Monday, May 16, 2011
Youth Day Turkey Hunt - Part 2
With both youth and adult hunters, new to hunting, there is always a question in my mind related to how they will handle the after the shot workload. It is one thing to shoot an animal from a distance, it is an entirely different thing to butcher and process any critter. I remember even my own reservations about this process, arising despite years of experience butchering deer, bear, hogs and other large game animals. It happened after shooting my first moose and the act of having to fit almost my entire head into the body cavity to complete some of the more involved field dressing left even this “practiced” outdoorsman slightly queasy. Considering that even the most hardened stomachs can sometimes falter during these endeavors, it is not surprising that other less proficient sportsman might struggle with certain parts of the butchering process. I am therefore always thoughtful and careful to judge how much clients wish to be involved in this process, always playing to their level of interest and skill.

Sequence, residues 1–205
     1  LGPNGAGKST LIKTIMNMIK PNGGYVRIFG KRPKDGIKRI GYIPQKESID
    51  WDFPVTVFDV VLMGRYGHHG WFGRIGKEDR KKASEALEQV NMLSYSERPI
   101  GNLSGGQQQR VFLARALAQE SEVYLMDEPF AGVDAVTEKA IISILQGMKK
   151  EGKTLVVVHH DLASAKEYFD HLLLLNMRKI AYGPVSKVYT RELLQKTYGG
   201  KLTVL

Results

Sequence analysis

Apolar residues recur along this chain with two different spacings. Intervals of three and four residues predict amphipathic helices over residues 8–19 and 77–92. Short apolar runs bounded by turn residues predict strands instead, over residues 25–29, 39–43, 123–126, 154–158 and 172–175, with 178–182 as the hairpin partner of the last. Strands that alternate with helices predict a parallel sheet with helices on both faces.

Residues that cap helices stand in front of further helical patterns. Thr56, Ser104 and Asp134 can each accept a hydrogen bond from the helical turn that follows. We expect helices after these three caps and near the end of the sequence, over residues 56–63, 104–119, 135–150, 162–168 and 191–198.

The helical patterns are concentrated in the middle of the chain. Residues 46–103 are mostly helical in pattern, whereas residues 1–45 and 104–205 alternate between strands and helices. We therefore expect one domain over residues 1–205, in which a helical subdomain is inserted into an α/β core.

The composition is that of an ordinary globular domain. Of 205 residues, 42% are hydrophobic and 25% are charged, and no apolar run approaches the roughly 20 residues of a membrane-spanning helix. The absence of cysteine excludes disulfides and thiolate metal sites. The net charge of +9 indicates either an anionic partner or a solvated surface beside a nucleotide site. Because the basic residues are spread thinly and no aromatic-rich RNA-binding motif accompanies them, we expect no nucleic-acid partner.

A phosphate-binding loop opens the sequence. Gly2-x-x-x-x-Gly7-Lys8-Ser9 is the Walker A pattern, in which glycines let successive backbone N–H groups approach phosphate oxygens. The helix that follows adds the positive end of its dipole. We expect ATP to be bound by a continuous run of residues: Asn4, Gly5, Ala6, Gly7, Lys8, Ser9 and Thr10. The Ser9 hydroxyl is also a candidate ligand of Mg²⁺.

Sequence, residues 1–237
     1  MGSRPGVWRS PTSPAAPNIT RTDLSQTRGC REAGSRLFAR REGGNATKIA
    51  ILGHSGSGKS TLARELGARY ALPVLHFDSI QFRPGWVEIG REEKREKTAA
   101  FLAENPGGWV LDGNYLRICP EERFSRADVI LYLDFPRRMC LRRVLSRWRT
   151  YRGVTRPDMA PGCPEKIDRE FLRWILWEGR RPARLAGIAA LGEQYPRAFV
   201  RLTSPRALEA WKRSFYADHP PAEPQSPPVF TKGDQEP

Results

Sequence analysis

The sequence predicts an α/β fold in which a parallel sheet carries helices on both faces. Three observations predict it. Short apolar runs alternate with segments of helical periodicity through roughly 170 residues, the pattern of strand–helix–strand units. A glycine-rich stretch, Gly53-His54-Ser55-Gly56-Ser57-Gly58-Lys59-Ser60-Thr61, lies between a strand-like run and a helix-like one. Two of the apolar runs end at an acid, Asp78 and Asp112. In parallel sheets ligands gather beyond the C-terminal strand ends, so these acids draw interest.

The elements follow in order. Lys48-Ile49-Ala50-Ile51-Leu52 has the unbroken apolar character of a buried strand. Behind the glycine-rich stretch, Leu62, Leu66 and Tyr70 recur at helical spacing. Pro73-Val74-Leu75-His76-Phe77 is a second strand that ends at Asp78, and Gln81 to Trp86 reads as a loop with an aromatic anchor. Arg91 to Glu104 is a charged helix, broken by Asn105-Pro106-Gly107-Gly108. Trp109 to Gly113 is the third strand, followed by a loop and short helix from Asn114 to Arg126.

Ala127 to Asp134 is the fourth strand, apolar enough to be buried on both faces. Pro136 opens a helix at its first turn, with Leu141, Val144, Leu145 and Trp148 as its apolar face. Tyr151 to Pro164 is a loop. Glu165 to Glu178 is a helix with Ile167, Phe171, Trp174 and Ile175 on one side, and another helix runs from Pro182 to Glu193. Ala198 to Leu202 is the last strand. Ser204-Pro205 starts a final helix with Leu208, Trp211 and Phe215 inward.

In this particular scenario and with these young fellows, I quickly left any reservations at rest and watched in amazement as the youngest boy un-sheathed a knife that would make Rambo salivate and tore into the turkey like it was a science experiment. His every knife stroke carefully dissecting every organ, feather and muscle group like he was trying to obtain a noble prize in biology. I was surprised but also impressed by his vigor. All that was eventually discarded from the harvested bird were a few feathers, 10 feet of small intestine and the remains of a carefully examined gizzard. The boy was intoxicated with the prospects of "turkey" and wasn't willing to waste a single edible morsel or souvenir. Meat to eat deep fat fried, in turkey salad sandwiches and wings, tail feathers, spurs, beard, expended shell, tag and even wish bone all to be part of a permanent display in the recesses of his adolescent bedroom.
The story for these boys ends for the spring turkey season but they have already vowed to return for next spring season!